« PreviousContinue »
completed, except the gates. Lock 2, 264 miles above Charleston, had been commenced.
The amount expended in the year ending June 30, 1885, was $136,915.84, which bas been applied to work at Lock 2 and Dam 6, both having been brought well forward. If the season be favorable, Dam 6 may be completed in 1885. If a new appropriation be made early in the session of Congress, Lock and Dam 2 may both be completed in 1886 ; otherwise, not until 1887.
The development of commerce on this river bas been remarkable since its successful improvement by the United States, with great cousequent benefit to the whole section with which it is connected. July 1, 1824, amount available
$126,90 85 Amount appropriated by act approved July 5, 1884.
200, 000 00
326, 260 85
July 1, 1885, amount expended during fiscal year, exclusive of outstanding liabilities July 1, 1884.
$122, 348 27 July 1, 1885, outstanding liabilities.
14, 567 57
136, 915 84
July 1, 1865, amount available.
189, 345 01
Amount (estimated) required for completion of existing project. .1, 857, 300 00 Amount that can be profitably expended fiscal year ending June 30, 1887 500, 000 00 Submitted in compliance with requirements of section 2 of river and
harbor acts of 1866 and 1867. (See Appendix D D 1.) 2. Elk River, West Virginia.—The Elk is one of the chief tributaries of the Great Kanawha. Its course is tortuous, as is shown by the fact that the distance from its mouth to Braxton Court-House is 54 miles in a straight line, but 100 miles by the windings of the stream. The average low-water width is about 200 feet, with narrows at the rapids of about 150 feet in width, and occasional portions of about 300 feet in width. The pools vary in depth from 3 to 10 feet, and are separated by rapids over shoals of cobble-stones and gravel, on which there has been, at low seasons, a depth of but a few inches of water. The average fall per mile in the river from Braxton Court-House down is about 24 feet, but is not uniformly distributed, being greatest (about 4 feet per mile) in the central section and less (about 2 feet) in the upper and lower sections. Freshets of small height are of frequent occurrence, but rapidly pass off. The annual rise in the spring is about 10 or 12 feet. An extraordinary rise is sometimes bad of 25 or 30 feet, but the dura. tion is not great.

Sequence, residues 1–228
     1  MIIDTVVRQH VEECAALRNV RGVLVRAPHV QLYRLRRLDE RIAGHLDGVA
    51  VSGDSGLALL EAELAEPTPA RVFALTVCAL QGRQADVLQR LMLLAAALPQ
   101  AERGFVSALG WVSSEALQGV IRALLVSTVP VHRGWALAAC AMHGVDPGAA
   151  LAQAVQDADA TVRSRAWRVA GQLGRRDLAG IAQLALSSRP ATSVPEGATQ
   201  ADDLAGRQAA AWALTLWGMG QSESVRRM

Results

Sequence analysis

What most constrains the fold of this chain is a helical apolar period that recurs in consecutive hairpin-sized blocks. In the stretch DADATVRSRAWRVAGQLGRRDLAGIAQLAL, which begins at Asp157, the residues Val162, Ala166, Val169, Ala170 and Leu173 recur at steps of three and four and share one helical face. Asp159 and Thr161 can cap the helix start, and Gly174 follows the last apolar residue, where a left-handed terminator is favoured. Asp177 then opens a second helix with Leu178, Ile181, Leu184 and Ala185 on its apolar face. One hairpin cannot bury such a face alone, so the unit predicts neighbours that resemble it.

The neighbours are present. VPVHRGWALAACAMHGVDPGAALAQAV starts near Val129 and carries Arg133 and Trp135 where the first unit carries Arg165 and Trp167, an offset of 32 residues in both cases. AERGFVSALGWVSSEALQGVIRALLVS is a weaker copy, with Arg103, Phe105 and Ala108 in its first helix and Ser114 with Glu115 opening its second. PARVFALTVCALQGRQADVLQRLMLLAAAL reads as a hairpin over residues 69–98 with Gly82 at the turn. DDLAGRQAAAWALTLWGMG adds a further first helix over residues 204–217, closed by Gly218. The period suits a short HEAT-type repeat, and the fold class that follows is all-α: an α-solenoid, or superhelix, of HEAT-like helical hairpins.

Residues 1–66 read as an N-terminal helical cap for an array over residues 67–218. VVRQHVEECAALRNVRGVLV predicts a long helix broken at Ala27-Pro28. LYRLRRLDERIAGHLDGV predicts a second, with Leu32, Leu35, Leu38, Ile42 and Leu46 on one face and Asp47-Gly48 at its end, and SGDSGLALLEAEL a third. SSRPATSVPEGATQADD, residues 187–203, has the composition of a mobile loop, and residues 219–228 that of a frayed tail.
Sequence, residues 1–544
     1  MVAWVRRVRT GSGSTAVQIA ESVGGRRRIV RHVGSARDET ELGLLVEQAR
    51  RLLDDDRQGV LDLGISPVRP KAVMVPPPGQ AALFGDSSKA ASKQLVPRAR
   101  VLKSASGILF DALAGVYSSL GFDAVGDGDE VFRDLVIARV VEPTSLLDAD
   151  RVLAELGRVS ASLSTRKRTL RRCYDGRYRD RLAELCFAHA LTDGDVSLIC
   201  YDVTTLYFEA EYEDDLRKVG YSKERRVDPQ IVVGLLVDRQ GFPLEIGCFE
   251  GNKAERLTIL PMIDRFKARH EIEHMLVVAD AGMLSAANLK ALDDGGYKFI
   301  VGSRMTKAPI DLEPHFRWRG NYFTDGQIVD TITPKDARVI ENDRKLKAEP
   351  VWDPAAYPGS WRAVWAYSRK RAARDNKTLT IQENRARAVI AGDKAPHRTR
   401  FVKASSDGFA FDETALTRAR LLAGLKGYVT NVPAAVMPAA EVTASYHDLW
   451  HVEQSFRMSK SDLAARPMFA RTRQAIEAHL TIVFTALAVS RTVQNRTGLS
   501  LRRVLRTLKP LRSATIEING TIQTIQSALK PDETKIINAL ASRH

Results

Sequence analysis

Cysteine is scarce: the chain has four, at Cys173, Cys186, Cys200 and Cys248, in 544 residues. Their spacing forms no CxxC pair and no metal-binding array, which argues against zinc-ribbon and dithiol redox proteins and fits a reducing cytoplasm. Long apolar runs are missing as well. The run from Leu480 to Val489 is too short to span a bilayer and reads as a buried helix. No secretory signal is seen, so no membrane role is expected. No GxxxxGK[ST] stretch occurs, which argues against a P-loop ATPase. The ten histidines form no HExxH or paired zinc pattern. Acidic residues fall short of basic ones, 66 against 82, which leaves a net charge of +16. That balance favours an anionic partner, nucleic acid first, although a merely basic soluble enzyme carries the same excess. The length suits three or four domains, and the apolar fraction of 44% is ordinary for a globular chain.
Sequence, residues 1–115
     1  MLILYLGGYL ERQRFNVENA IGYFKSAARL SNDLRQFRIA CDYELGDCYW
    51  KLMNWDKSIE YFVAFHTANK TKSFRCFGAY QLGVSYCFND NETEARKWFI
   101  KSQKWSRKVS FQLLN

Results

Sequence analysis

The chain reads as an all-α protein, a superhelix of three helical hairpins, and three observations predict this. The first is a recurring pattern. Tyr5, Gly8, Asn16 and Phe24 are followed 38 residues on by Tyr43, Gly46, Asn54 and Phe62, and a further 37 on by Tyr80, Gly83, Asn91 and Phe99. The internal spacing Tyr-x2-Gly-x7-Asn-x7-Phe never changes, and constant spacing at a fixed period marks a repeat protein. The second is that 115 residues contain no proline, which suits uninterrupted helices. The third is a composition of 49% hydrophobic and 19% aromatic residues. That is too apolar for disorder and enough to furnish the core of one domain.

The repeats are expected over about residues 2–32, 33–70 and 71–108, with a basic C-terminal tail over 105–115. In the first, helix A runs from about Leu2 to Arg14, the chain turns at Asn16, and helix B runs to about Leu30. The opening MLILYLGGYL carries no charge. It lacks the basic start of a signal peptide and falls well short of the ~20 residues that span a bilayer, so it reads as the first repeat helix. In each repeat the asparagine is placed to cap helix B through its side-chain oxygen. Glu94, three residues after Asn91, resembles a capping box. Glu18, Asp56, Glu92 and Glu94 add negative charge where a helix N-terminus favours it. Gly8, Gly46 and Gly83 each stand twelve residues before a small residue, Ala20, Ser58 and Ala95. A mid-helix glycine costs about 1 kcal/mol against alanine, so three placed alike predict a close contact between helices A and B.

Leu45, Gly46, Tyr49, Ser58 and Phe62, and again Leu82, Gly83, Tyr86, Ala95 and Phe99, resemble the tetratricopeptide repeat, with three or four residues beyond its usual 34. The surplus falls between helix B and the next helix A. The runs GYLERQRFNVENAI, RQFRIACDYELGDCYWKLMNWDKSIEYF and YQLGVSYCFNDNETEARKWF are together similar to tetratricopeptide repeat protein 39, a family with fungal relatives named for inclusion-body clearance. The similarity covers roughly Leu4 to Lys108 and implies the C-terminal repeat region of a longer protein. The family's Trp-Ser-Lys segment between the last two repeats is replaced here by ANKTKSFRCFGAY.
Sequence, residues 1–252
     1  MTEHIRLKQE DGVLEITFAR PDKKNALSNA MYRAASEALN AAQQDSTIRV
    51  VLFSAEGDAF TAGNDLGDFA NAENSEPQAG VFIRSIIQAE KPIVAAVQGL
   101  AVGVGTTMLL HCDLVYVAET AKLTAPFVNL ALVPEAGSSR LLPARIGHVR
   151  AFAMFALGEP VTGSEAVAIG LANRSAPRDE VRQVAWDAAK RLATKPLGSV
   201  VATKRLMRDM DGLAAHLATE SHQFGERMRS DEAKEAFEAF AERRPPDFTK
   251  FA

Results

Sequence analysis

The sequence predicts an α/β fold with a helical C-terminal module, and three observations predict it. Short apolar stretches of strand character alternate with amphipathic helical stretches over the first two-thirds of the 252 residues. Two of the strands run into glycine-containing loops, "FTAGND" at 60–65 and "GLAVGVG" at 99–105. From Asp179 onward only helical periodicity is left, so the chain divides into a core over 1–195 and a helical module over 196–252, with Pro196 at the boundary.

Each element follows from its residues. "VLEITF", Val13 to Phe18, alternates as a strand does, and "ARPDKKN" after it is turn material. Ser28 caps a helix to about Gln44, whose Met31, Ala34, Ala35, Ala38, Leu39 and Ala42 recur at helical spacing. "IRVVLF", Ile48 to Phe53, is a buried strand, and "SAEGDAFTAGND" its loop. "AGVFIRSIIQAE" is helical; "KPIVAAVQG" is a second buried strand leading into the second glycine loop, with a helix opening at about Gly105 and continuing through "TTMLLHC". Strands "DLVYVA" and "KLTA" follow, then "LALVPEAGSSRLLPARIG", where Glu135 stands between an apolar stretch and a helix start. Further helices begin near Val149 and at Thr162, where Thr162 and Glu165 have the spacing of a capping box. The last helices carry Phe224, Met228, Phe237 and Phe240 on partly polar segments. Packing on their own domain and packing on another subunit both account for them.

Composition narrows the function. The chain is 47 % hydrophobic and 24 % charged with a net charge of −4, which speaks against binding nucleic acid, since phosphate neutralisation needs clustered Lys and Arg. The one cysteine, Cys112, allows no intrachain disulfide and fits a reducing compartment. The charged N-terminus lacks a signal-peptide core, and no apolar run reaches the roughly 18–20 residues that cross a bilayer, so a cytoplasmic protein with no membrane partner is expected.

The approved project of improvement has been the removal of rocks, snags, overhanging trees, &c., and the cutting of narrow sluices through the rapids and shoals. The principal interests to be served are those of lumbering and rafting, bu much country produce is also carried down. stream in small boats, which return with merchandise, &c. The cost of the improvement was originally estimated as $100,000.
The amount expended to June 30, 1884, was $15,820.77. The available balance at that date, viz, $1,179.23, has been expended in the fiscal year ending June 30, 1885, according to the approved project. The country through which this stream flows is rich in minerals and well fitted for agriculture and grazing. The improvement already done has been of great benefit to that as yet comparatively undeveloped section.
There are several obstructions to the navigation of this river, due to the action of private parties or corporations, which should be remored if the improvement is to be continued by the United States,
July 1, 18-4, amount available..
$1,179 23 July 1, 15, an ount expended during fiscal year, exclusive of outstanding Habilities July 1, 1884
1,179 23 Amount that can be profitably expended in fiscal year ending June 30,1887
3,000 00 Submitted in compliance with requirements of section 2 of river and
harbor acts of 1866 and 1867. (See Appendix D D 2.) 3. New River, from the Mouth of Wilson, in Grayson County, Virginia, to the mouth of Greenbrier River, West Virginia.-As has been stated in previous reports, but is here repeated to save trouble in referring to other volumes, the appropriations have been made in such a manner as to divide this portion of the river into three sections, as follows: